“It is a little all-encompassing, though,” he said, lowering his chin to his head and peering up at me. “I mean it includes everything from the most sublime movements imaginable to what appears, to me, to be young boys lying on their backs and wiggling their legs.” He sighed. “But, overall—fascinating. Simply fascinating.”

“C.W.” I said. “What the hell are you doing?”

“Celebrating the joy of life through dance,” he said. “Hurry up and let us go then, you and I.”

I groaned.

“Come on,” he said. “The fecund stirrings of Mother Earth shall spread exaltation through the very soles of your feet. In short, you shall be unafraid and happy.”

“I have never socked an alien—or a ballet dancer—in my life, but I am very close.” I said.

“Oh, you who spurn the soothing catalyst of dance are the saddest of souls,” he said.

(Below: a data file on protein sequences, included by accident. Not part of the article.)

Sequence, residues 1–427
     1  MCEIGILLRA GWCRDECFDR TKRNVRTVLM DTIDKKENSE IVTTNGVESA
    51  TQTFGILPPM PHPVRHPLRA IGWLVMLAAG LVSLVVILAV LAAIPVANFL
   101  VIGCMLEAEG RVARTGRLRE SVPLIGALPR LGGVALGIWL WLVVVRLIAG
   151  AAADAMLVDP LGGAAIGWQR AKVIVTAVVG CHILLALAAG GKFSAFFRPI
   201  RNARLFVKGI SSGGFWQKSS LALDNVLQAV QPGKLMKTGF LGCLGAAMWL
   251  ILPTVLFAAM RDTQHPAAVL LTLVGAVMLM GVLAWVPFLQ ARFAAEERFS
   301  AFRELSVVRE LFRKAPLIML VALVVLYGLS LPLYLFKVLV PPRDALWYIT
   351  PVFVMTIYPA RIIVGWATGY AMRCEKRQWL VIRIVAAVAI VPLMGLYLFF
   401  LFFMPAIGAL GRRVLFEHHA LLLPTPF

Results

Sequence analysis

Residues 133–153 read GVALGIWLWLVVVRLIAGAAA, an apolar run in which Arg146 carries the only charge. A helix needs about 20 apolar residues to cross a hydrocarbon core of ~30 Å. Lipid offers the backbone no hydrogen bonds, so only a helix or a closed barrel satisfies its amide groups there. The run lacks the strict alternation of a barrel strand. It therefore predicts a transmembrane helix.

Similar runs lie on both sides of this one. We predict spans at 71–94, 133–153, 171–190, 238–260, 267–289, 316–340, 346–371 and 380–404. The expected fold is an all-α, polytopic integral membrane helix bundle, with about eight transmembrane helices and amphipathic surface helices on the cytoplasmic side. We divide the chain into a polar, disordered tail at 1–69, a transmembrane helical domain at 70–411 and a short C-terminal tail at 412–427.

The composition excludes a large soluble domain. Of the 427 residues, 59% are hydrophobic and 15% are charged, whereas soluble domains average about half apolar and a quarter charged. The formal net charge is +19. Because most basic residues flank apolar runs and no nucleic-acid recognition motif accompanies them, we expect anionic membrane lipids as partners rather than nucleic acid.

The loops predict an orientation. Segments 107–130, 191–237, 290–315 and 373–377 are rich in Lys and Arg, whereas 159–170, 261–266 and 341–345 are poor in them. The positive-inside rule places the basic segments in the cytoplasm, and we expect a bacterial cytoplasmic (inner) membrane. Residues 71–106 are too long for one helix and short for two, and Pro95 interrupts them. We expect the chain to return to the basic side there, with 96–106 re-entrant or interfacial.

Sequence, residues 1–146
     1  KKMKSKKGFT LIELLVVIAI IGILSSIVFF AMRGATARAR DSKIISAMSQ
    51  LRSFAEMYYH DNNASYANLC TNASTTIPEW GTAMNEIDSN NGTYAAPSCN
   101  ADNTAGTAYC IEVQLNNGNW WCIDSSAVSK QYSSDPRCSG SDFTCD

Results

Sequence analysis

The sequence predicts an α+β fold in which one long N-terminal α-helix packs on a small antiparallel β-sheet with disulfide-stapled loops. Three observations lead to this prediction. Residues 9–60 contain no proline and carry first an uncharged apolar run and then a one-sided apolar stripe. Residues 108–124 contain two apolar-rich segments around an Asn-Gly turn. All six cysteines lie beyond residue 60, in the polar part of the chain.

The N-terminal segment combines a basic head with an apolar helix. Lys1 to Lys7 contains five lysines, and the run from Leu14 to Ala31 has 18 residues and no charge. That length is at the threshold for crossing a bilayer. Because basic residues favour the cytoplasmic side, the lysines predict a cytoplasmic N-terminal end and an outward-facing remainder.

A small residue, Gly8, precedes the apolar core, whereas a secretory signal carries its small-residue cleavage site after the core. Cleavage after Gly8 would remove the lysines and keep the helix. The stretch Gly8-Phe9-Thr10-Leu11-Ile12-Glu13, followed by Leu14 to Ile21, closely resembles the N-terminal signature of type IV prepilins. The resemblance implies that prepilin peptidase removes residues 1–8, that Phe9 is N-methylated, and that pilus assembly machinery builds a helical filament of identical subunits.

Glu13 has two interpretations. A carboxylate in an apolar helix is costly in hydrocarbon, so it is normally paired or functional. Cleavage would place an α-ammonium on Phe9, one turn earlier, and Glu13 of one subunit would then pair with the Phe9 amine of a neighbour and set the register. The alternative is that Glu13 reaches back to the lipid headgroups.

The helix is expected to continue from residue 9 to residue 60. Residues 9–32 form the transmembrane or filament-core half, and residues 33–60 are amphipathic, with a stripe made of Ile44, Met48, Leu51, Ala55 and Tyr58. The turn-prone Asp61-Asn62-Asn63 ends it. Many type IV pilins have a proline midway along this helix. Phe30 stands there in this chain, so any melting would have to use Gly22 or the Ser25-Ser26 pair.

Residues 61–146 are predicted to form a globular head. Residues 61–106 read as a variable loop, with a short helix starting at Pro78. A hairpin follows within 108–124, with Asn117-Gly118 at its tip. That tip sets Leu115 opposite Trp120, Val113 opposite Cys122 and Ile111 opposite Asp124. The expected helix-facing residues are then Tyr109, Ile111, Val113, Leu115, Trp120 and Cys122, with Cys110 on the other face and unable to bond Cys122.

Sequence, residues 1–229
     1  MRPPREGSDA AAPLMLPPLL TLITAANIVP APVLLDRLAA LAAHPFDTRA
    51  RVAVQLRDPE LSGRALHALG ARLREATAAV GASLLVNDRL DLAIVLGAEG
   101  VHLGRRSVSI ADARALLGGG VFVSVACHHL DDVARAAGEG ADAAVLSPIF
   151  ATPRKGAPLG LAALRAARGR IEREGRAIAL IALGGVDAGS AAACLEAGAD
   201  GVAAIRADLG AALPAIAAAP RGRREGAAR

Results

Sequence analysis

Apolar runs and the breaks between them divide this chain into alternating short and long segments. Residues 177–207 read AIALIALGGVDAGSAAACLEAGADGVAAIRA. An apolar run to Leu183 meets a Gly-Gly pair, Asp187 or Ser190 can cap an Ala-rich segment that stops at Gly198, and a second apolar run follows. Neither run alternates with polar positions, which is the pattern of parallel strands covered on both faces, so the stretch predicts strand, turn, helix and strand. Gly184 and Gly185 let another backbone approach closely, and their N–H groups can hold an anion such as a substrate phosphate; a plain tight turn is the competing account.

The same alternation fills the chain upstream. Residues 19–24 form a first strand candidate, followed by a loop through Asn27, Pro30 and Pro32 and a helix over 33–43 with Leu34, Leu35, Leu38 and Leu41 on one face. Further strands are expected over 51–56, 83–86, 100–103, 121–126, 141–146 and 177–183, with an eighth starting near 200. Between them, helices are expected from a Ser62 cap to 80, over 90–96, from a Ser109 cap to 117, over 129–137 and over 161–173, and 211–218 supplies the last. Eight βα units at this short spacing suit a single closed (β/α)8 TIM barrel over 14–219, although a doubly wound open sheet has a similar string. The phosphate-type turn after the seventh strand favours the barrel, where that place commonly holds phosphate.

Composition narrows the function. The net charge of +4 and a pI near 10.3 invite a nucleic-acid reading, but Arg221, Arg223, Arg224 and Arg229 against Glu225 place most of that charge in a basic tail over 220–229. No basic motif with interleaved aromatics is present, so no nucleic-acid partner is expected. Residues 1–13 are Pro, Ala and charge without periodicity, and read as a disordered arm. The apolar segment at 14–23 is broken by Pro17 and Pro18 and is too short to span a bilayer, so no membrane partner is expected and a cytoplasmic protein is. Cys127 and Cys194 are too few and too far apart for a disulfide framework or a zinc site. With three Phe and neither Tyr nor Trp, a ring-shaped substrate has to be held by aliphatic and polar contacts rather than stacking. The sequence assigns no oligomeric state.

“You’re probably not going to leave until I agree to go with you, are you?”

“You got that right,” he said, settling back in this chair with a gesture of finality. “How did all this dancing stuff get started anyway?”

“I dunno. Maybe it was some effort at imitative magic, as Frazier phrased it: efforts to make the earth bloom again in the spring.”

“Well then,” he said. Seeming to think it over for a minute, he looked up. “It certainly seems to work. Hmm. Let’s see. ‘April is the happiest month, filling life into slumbering feet.’ Hey, maybe I’ll take up poetry next.”

“Oh Christ,” I said, heading, back to get dressed.

Tuesday, January 4, 2011

36. Spy TV

In case you are wondering, and several have asked, C.W. has been on a recall assignment back to his home planet to provide an interim report on his findings. I suspect that the “Elders of Falloonia” as he calls them (somewhat disrespectfully if you ask me) wanted to make sure he wasn’t going native, so to speak.